The New York-based group Human Rights Watch (HRW) has called for a “prompt, thorough, and effective” investigation into reports that four arrested members of an armed Armenian opposition group were beaten up during their ongoing trial in Yerevan.
The high-profile trial stems from the July 2016 attack on a police base in Yerevan’s Erebuni district that was launched by gunmen affiliated with Founding Parliament, a radical opposition group. The gunmen laid down their arms after a two-week standoff with security forces which left three police officers dead.
The 18 leading members of the armed group went on trial in Yerevan in late May. Four of them claimed to have been brutally attacked by police officers immediately after a tense court hearing on June 28.
During the hearing, two of them -- Areg Kyureghian and Mkhitar Avetisian -- were removed from the courtroom after arguing with the presiding judge and security personnel.They as well as two other defendants -- Arayik Khandoyan and Gagik Yeghiazarian -- told their lawyers afterwards that they were beaten up in the court building’s basement before being transported back to their prisons.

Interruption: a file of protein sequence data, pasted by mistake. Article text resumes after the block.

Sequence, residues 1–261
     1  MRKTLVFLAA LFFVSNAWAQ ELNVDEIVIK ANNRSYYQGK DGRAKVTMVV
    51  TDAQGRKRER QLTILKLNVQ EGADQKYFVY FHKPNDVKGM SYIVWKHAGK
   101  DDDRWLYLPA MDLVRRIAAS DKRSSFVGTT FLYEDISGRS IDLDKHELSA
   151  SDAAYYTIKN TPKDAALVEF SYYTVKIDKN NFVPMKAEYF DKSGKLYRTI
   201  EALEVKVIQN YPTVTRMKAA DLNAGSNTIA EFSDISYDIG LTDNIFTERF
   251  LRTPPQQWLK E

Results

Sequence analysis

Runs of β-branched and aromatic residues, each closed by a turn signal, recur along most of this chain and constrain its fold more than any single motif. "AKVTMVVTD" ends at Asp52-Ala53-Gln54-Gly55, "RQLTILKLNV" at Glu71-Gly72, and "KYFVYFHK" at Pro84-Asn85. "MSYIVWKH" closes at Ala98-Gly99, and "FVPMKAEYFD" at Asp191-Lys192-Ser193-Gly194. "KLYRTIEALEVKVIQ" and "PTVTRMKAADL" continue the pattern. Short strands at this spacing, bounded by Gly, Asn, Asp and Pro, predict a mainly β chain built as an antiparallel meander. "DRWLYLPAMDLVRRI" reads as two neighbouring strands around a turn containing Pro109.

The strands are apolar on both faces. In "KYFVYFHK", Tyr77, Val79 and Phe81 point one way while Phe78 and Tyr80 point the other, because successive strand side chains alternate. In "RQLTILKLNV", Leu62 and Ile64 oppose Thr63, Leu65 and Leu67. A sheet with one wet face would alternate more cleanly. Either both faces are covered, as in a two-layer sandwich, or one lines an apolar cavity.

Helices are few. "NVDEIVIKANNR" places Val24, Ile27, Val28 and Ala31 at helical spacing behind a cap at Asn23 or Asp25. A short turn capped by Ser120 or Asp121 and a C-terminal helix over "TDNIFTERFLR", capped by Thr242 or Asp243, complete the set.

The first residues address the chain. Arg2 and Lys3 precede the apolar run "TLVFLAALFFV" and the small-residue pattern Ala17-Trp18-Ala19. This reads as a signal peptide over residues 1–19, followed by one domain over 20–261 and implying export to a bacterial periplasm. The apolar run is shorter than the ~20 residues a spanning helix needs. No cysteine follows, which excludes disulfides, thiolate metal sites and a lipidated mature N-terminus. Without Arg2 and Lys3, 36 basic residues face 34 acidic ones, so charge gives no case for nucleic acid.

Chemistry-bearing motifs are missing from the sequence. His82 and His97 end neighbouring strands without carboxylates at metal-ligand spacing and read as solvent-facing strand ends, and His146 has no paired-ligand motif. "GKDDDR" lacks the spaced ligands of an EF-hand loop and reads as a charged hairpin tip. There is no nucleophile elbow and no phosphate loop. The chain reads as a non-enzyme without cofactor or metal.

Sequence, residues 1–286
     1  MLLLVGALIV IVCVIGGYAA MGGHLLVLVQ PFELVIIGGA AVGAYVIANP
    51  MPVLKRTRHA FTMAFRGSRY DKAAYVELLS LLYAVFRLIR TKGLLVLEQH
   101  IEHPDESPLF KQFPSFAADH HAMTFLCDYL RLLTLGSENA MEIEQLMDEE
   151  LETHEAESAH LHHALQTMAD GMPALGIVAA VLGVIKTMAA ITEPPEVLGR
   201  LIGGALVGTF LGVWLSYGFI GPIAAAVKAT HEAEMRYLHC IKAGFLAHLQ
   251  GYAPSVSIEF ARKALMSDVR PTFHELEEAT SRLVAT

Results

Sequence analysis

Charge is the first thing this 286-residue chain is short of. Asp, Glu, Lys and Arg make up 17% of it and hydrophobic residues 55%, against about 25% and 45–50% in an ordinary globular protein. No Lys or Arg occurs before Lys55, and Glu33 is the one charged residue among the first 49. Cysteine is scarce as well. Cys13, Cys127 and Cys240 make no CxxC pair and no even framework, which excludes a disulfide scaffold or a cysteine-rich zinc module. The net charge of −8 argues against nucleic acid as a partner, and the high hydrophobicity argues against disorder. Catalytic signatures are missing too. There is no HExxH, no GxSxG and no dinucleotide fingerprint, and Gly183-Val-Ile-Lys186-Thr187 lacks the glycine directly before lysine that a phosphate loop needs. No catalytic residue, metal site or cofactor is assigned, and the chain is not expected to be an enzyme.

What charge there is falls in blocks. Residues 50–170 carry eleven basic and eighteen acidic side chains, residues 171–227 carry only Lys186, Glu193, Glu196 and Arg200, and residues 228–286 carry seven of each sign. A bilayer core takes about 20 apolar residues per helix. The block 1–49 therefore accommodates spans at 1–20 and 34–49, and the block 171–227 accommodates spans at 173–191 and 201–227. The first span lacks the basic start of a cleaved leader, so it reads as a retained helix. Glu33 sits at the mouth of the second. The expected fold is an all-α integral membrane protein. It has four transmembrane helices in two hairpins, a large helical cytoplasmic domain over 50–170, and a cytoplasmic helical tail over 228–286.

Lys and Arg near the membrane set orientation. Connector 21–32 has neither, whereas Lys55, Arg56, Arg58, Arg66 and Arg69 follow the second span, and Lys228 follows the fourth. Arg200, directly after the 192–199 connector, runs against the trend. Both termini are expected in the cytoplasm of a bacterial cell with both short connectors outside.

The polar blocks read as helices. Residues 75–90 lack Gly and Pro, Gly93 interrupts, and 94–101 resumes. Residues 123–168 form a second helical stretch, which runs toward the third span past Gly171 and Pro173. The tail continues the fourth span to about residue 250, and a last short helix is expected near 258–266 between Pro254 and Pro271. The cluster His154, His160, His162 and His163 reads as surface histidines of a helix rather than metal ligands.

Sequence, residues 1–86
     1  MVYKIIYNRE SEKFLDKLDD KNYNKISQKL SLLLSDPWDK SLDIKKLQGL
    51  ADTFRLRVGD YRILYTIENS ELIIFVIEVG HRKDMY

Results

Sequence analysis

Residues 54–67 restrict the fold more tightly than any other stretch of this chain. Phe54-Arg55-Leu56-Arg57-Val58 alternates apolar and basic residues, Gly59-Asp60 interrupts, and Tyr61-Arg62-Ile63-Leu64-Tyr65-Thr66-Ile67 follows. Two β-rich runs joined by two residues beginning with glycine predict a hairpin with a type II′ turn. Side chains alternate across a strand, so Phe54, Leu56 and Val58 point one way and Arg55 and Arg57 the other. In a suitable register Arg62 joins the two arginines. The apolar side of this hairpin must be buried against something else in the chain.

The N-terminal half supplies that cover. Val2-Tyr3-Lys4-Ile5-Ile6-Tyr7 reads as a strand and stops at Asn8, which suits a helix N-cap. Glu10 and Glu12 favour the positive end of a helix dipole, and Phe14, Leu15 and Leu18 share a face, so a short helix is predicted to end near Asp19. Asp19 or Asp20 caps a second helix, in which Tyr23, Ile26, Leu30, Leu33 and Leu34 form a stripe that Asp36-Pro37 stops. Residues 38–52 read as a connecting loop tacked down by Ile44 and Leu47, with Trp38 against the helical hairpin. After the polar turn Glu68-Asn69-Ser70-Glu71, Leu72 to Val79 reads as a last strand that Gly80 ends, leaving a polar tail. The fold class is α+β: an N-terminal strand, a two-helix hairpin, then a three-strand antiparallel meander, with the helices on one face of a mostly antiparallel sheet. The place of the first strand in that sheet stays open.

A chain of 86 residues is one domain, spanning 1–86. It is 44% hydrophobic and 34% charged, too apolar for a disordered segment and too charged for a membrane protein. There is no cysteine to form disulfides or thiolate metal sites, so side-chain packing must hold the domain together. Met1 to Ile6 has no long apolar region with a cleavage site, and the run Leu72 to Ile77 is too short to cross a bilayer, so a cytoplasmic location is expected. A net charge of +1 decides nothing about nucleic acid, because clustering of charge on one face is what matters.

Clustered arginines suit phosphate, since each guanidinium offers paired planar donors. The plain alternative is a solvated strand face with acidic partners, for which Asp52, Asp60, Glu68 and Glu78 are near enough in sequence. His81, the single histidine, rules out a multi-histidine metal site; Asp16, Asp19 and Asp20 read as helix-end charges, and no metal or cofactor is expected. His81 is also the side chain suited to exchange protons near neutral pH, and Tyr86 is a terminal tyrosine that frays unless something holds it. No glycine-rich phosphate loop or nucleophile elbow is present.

Representatives of the office of Armenia’s human rights ombudsman, Arman Tatoyan, visited Khandoyan, Avetisian and Yeghiazarian in custody and confirmed various injuries sustained by them.Nevertheless, the Armenian police denied the beatings.
“Ill-treatment of detainees is strictly prohibited in all circumstances – it’s that simple, and no amount of anger at the crimes these men are charged with, or tension at the trial, can justify physical abuse of the defendants,” Giorgi Gogia, HRW’s South Caucasus director, said on Sunday. “The authorities have a clear-cut obligation to promptly and thoroughly investigate and bring those responsible to justice.”
Despite the police denial, another Armenian-law-enforcement agency, the Special Investigative Service (SIS), said last week that it will investigate the allegations.
In a statement, HRW welcomed the SIS announcement, while expressing concern at the fact that police officers involved in the alleged ill-treatment are still on duty in the courtroom.“It is positive that the authorities have initiated an investigation into the incident,” Gogia was quoted as saying. “But to be credible, the investigation has to be effective, meaning that it needs to be thorough, impartial, and capable of identifying abusive officials and bringing them to justice.”
According to Yeghiazarian’s lawyer, Tigran Yegorian, the same police team again escorted the defendants to the court for the most recent session of the trial on July 6.